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The fast food diet: Are Jared and Christine losing it?


Dougherty at a Taco Bell drive-thru in NY. (AP Photo/Taco Bell, Dianne Bondareff)

Everyone knows Subway's Jared. He is the guy who, while in college, decided to try to lose weight with exercise and eating Subway sandwiches.

Jared Fogle's plan has come with success, having dropped his weight from 425 pounds to a current 190 pounds. Because of this, advertising executives snatched Fogle from his Bloomington, IN, roots and inserted him as the primary pusher of Subway's sandwiches for the better part of the last 9 years. But in the world of fast food diets, Jared now has competition.

Enter Taco Bell's Christine Dougherty. Christine's story is very similar to Jared's: she lost weight while eating fast food and exercising. In fact, she claims to have lost over 45 pounds in a two-year period; all while eating from Taco Bell's 'Fresco' menu (up to 8 times per week). Her commercial points out that she reduced her daily caloric intake to a diminutive 1250 per day. Anything under 1200 calories per day signals malnutrition. Can we have our burrito and eat it, too?

Abby Ellin from The New York Times recently interviewed Kirsten Bibbins-Domingo (Assistant Professor of Medicine and Epidemiology at UC, San Francisco) to weigh in on this fast food phenomena:

“When we take these other things out of food we often add back salt, and the salt is so far in excess of what would be considered a healthy quantity that it definitely counteracts any healthy benefits.”

Order the Fresco Burrito Supreme Chicken from Taco Bell, and you are staring at 1410 milligrams of sodium. The American Heart Association advises a person should only have 1500 milligrams of daily sodium intake. Eat the burrito and you will ingest 94% of the AHA's daily recommendation in just one sitting! This leaves just enough wiggle room for a Tic-Tac and bottled water.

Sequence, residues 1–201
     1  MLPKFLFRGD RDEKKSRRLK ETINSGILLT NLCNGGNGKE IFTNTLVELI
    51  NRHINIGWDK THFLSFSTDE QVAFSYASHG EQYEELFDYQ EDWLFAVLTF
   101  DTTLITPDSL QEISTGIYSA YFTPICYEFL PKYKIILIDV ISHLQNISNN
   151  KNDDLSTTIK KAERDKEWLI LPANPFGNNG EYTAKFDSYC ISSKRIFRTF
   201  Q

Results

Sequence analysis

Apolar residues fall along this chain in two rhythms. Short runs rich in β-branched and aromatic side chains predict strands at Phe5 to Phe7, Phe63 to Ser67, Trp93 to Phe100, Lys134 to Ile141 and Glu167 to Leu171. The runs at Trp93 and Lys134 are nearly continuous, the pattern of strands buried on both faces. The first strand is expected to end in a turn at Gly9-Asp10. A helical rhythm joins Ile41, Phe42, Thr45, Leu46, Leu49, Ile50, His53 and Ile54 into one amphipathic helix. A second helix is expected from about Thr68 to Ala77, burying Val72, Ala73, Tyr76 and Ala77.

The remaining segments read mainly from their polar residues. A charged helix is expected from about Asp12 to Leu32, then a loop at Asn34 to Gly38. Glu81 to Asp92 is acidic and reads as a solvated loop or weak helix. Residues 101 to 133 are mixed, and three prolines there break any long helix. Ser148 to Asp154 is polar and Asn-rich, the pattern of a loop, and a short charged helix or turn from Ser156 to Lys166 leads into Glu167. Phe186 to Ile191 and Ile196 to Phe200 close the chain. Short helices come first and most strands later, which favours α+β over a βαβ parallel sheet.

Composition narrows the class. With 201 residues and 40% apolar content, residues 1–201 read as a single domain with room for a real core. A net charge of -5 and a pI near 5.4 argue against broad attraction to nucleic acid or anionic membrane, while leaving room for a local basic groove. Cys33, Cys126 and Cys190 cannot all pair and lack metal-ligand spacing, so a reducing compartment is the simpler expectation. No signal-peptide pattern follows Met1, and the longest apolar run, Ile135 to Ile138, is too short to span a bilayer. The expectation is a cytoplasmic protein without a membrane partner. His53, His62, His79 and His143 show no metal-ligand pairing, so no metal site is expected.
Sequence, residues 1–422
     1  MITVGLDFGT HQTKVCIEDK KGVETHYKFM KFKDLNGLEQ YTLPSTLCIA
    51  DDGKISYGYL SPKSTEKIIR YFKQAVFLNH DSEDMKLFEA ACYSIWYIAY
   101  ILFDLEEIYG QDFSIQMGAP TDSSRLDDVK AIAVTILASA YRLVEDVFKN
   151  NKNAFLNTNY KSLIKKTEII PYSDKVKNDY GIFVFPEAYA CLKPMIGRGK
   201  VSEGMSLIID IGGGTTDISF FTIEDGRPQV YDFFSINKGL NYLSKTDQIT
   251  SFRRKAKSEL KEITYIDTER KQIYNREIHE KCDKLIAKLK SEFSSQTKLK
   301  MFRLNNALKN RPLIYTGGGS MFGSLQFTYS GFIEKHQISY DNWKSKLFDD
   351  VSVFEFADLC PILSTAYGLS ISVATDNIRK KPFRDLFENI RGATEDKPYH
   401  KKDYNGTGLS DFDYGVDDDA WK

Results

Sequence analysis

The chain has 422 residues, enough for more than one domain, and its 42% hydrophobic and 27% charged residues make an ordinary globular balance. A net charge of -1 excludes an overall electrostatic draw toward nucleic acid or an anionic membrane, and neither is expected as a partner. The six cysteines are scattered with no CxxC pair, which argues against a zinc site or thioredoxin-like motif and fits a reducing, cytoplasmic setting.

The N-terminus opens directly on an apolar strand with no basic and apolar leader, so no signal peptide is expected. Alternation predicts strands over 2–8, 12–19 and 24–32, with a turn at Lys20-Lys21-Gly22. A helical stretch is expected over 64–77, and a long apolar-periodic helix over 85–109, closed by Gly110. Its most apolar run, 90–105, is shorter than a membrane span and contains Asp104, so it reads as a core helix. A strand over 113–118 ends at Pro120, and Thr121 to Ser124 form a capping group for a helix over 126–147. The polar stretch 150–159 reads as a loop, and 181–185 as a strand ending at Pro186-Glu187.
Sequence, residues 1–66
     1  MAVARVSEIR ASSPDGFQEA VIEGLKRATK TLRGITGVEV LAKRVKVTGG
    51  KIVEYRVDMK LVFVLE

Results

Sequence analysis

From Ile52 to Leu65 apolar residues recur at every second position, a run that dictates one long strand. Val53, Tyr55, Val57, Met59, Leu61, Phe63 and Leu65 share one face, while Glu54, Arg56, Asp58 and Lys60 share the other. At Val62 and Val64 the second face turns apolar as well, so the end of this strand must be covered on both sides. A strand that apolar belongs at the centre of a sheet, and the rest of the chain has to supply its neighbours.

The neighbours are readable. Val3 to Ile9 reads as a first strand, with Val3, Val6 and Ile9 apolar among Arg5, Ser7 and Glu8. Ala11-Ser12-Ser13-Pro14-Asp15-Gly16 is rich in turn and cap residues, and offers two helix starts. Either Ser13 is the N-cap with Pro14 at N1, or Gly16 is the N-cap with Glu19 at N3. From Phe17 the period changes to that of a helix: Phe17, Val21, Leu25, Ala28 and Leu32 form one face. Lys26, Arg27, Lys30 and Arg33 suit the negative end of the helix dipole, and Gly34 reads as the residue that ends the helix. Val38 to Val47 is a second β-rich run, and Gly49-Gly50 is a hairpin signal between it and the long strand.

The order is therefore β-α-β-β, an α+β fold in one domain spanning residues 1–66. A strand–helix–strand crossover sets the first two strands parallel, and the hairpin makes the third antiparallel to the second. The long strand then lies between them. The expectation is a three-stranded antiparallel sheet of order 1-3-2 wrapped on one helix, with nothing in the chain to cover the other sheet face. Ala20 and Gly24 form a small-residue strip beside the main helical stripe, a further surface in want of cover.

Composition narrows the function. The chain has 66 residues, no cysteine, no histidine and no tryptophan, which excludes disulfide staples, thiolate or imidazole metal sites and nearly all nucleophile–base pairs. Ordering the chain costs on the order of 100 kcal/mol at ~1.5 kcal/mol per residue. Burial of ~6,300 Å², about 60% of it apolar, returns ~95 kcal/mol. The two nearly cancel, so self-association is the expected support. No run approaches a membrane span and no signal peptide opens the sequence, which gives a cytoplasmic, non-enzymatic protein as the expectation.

Understand that diets high in sodium have been linked to hypertension. The higher your blood pressure, the higher your risk for heart disease and stroke. Mississippians should take note, considering cardiovascular disease (or CVD) is the leading killer in the state. Age, gender, and race, also play important roles in this sodium-based equation.

David Zinczenko, the Editor-in-Chief of the popular Men's Health magazine was recently interviewed on NBC's Today Show regarding the fast food diet. He suggests "healthier options" from fast food chains could help in weight loss; " You have to go in there with a strategy, with a gameplan. If you do that, make the smart choices, you absolutely can lose weight".

OK, so a person could conceivably lose weight by choosing wisely in the drive-thru. But with these "smart choices", sometimes comes a price: high sodium content to replace the loss of fat (the stuff that makes fast food delicious). Regardless of the diet a person chooses to lose weight, the old adage still stands, 'No pain, no gain'. Routine exercise is key.

Although Jared and Christine are lightweight superstars in their own right, remember to always read the fine print: results not typical.

(As of January 2009, the Federal Trade Commission proposed revisions to the "results not typical" disclaimer. It is duly noted. I should have used "best-case scenario", though the effect would not have been the same.)

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